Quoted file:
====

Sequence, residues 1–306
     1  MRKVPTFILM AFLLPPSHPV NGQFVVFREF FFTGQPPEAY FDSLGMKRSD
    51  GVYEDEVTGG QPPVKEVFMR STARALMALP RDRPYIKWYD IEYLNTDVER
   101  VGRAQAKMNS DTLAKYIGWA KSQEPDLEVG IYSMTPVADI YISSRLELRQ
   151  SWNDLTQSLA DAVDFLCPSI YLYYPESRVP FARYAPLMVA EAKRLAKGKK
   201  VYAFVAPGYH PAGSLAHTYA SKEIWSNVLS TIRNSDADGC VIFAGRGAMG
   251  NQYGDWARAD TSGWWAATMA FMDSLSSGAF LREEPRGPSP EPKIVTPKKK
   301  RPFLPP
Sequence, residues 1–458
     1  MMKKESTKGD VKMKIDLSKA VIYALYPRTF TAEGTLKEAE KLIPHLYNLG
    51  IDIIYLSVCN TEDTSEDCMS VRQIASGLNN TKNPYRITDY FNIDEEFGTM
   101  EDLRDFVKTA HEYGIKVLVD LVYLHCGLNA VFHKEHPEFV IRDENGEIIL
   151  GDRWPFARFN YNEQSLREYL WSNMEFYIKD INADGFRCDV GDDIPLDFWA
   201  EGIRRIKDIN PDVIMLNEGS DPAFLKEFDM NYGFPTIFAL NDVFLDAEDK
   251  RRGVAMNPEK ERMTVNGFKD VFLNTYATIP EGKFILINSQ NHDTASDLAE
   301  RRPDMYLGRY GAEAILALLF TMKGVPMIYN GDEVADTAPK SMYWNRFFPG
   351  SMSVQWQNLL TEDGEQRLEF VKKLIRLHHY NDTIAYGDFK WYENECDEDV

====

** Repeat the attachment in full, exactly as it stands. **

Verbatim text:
Sequence, residues 1–306
     1  MRKVPTFILM AFLLPPSHPV NGQFVVFREF FFTGQPPEAY FDSLGMKRSD
    51  GVYEDEVTGG QPPVKEVFMR STARALMALP RDRPYIKWYD IEYLNTDVER
   101  VGRAQAKMNS DTLAKYIGWA KSQEPDLEVG IYSMTPVADI YISSRLELRQ
   151  SWNDLTQSLA DAVDFLCPSI YLYYPESRVP FARYAPLMVA EAKRLAKGKK
   201  VYAFVAPGYH PAGSLAHTYA SKEIWSNVLS TIRNSDADGC VIFAGRGAMG
   251  NQYGDWARAD TSGWWAATMA FMDSLSSGAF LREEPRGPSP EPKIVTPKKK
   301  RPFLPP
Sequence, residues 1–458
     1  MMKKESTKGD VKMKIDLSKA VIYALYPRTF TAEGTLKEAE KLIPHLYNLG
    51  IDIIYLSVCN TEDTSEDCMS VRQIASGLNN TKNPYRITDY FNIDEEFGTM
   101  EDLRDFVKTA HEYGIKVLVD LVYLHCGLNA VFHKEHPEFV IRDENGEIIL
   151  GDRWPFARFN YNEQSLREYL WSNMEFYIKD INADGFRCDV GDDIPLDFWA
   201  EGIRRIKDIN PDVIMLNEGS DPAFLKEFDM NYGFPTIFAL NDVFLDAEDK
   251  RRGVAMNPEK ERMTVNGFKD VFLNTYATIP EGKFILINSQ NHDTASDLAE
   301  RRPDMYLGRY GAEAILALLF TMKGVPMIYN GDEVADTAPK SMYWNRFFPG
   351  SMSVQWQNLL TEDGEQRLEF VKKLIRLHHY NDTIAYGDFK WYENECDEDV